Urban Planning

Bachelor's Degree

The bachelor of urban planning and development (BUPD) degree will prepare you for direct entry and subsequent growth in a career as a professional urban planner in the public or private sectors. Our degree program is fully accredited by the Planning Accreditation Board, the official planning education sanctioning body.

After completing a common course of study in your first year with other new students in the College of Architecture and Planning, you can declare your interest in urban planning and begin our program. The program combines physical and policy approaches, which teach you to improve the design quality of constructed environments while protecting and managing the resources of natural environments. You will also learn the process of community and economic development as applied to small towns and rural areas as well as urban neighborhoods.

In addition to the hands-on experience you will receive, you will be taught awareness of good urban form and land uses, an ethical view of community and citizen needs, and an understanding of the complex nature of urban growth and development. The program emphasizes basic skills of data collection, analysis, synthesis, and presentation.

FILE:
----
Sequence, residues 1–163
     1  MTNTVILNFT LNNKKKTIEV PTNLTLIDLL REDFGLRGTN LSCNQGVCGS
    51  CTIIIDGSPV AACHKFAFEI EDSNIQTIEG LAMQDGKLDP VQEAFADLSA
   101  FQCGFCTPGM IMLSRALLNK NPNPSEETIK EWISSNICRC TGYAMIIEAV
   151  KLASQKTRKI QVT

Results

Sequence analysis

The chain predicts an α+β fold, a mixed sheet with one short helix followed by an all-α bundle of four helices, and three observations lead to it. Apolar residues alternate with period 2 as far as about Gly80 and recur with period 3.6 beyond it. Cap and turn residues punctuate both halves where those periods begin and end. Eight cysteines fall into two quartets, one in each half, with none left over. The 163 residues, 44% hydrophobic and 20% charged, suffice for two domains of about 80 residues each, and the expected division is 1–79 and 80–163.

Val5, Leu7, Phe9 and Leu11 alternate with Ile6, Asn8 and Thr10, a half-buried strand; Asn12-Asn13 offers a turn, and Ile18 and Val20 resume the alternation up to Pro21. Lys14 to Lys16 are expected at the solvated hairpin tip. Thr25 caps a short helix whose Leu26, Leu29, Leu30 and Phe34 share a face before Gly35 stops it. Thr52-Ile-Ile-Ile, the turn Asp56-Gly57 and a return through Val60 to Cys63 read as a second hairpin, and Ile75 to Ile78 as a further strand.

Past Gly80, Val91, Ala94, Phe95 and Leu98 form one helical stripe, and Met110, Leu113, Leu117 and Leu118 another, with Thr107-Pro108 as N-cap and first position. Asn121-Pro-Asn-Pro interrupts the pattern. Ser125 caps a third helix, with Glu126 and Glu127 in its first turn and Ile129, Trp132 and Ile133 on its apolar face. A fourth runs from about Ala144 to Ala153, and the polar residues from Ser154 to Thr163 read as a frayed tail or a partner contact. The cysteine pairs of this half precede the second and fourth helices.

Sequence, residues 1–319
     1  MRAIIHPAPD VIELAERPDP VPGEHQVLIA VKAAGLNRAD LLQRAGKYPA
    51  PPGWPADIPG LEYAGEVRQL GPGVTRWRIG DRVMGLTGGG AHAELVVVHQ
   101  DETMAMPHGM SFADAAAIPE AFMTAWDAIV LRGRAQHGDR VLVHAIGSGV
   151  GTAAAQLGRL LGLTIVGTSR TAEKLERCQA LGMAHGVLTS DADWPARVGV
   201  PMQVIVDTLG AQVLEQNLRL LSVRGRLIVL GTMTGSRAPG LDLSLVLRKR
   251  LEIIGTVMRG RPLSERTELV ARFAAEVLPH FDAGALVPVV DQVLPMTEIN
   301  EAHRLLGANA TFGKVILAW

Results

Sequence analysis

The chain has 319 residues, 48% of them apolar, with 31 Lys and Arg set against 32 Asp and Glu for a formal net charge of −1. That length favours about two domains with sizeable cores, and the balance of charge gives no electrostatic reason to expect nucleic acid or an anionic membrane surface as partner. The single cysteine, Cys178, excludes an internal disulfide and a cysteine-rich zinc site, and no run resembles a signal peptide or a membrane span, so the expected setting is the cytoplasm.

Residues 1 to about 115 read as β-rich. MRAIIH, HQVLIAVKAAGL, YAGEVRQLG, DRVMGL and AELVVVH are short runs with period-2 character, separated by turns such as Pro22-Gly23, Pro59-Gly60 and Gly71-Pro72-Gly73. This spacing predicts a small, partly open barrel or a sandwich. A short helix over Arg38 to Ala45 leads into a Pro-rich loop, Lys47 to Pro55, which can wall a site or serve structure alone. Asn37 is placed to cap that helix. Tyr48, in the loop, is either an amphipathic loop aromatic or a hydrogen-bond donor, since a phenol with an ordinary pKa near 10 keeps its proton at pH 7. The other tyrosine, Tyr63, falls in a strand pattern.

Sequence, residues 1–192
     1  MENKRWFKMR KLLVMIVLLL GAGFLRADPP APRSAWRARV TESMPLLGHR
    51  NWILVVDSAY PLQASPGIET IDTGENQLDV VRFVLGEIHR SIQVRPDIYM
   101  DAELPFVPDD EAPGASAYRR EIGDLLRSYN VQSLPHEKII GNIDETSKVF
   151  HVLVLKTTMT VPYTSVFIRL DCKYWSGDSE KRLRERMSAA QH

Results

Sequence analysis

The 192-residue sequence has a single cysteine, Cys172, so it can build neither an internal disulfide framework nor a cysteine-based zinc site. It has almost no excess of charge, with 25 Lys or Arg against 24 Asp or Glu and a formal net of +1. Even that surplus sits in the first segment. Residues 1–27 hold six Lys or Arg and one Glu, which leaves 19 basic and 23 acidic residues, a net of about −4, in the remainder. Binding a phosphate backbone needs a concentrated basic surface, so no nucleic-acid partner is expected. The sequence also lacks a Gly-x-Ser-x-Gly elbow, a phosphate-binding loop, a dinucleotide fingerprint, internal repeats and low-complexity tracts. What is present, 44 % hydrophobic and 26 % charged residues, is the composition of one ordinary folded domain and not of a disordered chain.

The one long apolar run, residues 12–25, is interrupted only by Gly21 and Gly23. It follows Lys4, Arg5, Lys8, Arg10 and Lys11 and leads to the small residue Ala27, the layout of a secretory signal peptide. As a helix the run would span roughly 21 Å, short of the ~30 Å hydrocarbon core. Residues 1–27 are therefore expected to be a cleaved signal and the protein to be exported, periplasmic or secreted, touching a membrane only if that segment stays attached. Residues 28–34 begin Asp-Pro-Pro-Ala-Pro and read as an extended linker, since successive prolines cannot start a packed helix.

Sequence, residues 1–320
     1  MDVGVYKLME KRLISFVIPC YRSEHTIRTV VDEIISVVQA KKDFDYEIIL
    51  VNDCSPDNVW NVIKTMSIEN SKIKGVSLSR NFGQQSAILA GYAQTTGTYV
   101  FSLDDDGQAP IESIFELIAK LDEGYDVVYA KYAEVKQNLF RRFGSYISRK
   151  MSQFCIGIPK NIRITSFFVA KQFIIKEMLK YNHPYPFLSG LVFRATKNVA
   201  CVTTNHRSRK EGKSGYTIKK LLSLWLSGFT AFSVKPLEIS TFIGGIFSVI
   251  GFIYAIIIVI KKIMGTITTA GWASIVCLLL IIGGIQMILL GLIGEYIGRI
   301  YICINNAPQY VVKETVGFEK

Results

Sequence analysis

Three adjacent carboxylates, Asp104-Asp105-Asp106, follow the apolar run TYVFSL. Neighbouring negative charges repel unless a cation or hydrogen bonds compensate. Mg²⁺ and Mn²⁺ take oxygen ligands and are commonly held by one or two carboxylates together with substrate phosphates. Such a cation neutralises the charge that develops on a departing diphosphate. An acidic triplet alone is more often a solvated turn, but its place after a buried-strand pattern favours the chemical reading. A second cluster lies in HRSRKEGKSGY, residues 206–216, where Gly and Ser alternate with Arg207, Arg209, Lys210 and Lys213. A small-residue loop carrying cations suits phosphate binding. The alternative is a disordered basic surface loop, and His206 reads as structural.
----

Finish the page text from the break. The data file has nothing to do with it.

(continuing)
In your first year, you will complete several core professional courses that will expose you to a broad foundation in architecture, landscape architecture, and urban planning. You may then declare your major in urban planning.

The bachelor’s degree in urban planning and development requires a minimum of 120 credit hours. You’ll take core courses in history and theory, land use and land development, and planning law as well as several studio courses and complete a required internship.

Students who are members of the university's Honors College may be eligible for departmental honors if they complete a major in the Department of Urban Planning with a minimum grade point average of 3.5 in the major. An application for departmental honors is available at the Honors College and should be turned in prior to the final term of study.

Lauren discovered her future career early.